NEW YORK Junior copper-silver miner Revett Minerals Inc. has announced "an immediate and significant reduction in the work force at its Troy Mine" in Montana as most operations remain suspended and production looks unlikely to resume this quarter as previously forecast.
The company, which temporarily halted mining activities at its flagship Troy Mine in the fourth quarter due to "unstable and unsafe ground conditions" (amm.com, March 11), said it had continued some underground development work during the outage in an attempt to regain access to a key mining zone. However, many of those crews will now be made redundant as structural damage at the mine remains.
"We have kept our experienced and skilled crews busy in recent months with maintenance and capital projects. However, the realization that ... underground mining operations will not resume by the end of the second quarter as planned has forced us to take difficult cost-reduction measures," Revett president and chief executive officer John Shanahan said in a statement May 23.
The crews had been focusing on two separate drifts in an attempt to regain access to the mining zone, according to the company. After completing the installation of structural reinforcements along the first drift, "unexpected structural damage and ground fall was discovered."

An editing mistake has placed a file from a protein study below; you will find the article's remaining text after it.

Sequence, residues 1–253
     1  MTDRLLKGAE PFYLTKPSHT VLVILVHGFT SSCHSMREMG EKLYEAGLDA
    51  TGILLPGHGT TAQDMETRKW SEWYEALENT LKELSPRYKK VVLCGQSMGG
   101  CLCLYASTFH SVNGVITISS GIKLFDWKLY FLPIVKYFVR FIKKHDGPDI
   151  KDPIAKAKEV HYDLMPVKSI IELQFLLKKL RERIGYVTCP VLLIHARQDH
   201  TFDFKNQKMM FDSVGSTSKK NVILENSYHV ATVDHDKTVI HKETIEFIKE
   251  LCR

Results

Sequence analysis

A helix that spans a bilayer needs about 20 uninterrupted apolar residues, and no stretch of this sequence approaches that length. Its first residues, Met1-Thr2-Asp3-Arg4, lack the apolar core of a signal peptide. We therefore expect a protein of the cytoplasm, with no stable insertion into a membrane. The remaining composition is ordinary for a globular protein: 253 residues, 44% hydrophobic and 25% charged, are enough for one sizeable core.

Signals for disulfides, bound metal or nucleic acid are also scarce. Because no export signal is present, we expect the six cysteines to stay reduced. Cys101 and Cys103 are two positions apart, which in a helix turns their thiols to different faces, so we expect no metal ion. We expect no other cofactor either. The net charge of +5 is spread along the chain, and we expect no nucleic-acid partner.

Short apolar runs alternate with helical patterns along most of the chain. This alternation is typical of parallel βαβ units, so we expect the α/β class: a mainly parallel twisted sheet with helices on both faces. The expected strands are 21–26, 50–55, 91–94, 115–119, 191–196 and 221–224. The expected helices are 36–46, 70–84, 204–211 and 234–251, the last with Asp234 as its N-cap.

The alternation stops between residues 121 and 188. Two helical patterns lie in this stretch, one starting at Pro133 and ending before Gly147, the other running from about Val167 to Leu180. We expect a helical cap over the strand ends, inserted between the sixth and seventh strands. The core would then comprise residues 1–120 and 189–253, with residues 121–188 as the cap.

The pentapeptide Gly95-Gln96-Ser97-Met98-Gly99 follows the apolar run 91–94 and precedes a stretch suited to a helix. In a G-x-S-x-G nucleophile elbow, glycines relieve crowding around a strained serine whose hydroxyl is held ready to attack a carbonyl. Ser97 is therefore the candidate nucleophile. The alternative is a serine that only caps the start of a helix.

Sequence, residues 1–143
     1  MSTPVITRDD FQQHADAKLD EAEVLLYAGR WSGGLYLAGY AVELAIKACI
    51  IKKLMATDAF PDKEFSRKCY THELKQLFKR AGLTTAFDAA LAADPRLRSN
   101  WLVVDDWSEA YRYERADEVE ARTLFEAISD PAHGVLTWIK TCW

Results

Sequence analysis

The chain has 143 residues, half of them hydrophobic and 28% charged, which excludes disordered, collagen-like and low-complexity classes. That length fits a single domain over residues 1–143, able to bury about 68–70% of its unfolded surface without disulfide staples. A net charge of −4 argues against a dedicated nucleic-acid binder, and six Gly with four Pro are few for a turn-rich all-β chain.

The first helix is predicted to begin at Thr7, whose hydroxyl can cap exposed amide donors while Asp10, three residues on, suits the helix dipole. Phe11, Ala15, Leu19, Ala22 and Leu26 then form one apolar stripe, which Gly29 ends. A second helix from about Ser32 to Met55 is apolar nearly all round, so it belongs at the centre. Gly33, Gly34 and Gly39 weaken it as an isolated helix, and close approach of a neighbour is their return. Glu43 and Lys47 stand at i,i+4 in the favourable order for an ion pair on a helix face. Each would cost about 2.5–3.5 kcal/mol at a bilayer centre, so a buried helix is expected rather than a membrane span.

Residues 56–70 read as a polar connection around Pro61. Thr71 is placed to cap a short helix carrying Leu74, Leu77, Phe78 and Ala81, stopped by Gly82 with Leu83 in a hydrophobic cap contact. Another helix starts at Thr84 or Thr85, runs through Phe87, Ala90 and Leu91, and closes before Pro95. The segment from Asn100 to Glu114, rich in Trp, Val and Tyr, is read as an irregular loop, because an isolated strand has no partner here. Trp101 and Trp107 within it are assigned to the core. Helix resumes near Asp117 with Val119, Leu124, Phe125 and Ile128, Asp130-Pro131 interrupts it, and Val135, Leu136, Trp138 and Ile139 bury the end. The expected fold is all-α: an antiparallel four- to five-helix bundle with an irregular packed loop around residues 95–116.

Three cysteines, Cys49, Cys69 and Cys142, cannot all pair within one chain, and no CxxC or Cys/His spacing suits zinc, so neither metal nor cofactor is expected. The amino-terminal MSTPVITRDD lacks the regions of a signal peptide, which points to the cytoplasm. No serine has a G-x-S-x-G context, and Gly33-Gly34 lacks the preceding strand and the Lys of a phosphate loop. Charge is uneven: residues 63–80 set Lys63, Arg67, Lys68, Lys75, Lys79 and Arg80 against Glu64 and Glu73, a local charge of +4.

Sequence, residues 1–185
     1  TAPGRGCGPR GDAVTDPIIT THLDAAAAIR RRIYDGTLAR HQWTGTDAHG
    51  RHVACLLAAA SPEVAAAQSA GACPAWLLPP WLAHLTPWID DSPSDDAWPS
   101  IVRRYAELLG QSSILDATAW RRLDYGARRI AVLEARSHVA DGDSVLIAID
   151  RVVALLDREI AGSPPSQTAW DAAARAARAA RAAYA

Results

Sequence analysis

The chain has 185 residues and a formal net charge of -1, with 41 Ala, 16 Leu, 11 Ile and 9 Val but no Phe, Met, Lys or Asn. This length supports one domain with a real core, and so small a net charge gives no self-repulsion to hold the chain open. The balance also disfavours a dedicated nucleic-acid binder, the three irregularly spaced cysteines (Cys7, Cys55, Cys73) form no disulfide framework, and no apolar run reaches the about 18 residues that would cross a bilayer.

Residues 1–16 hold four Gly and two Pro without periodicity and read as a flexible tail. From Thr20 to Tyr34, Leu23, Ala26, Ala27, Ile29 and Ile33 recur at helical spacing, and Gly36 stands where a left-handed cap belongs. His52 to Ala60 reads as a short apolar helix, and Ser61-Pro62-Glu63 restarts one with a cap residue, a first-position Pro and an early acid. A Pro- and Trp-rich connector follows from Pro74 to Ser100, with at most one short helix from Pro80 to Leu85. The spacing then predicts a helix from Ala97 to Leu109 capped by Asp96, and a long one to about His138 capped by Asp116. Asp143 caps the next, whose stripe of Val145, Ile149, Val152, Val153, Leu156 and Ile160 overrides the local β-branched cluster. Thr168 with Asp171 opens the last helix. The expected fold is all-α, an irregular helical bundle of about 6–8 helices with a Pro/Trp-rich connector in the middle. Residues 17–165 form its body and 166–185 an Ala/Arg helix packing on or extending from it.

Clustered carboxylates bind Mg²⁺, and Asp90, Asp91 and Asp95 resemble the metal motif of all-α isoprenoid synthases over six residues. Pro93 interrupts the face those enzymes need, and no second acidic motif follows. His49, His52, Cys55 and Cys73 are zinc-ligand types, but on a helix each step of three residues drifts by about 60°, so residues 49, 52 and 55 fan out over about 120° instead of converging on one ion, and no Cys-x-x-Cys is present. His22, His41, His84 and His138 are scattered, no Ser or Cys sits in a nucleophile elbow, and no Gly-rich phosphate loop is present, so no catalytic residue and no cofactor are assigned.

Crews are now focusing their efforts on the second drift into the mining zone, which is expected to be completed in about eight weeks. Once the second drift is finished, Revett will launch a full assessment of the ore body for structural damage before resuming mining operations, it said.
"If access can be safely re-established, mining operations into the A and C beds could possibly resume in the fourth quarter of this year. In the event that access ... is not possible, the company is currently evaluating alternative development plans in order to access established mining reserves in the A, C and I bed mining areas," the Spokane Valley, Wash.-based company said.
The mine produced nearly 7.56 million pounds of copper last year, down 29 percent from 10.65 million pounds in 2011, while silver output slid 14 percent to 1.11 million ounces from 1.29 million ounces in the same comparison.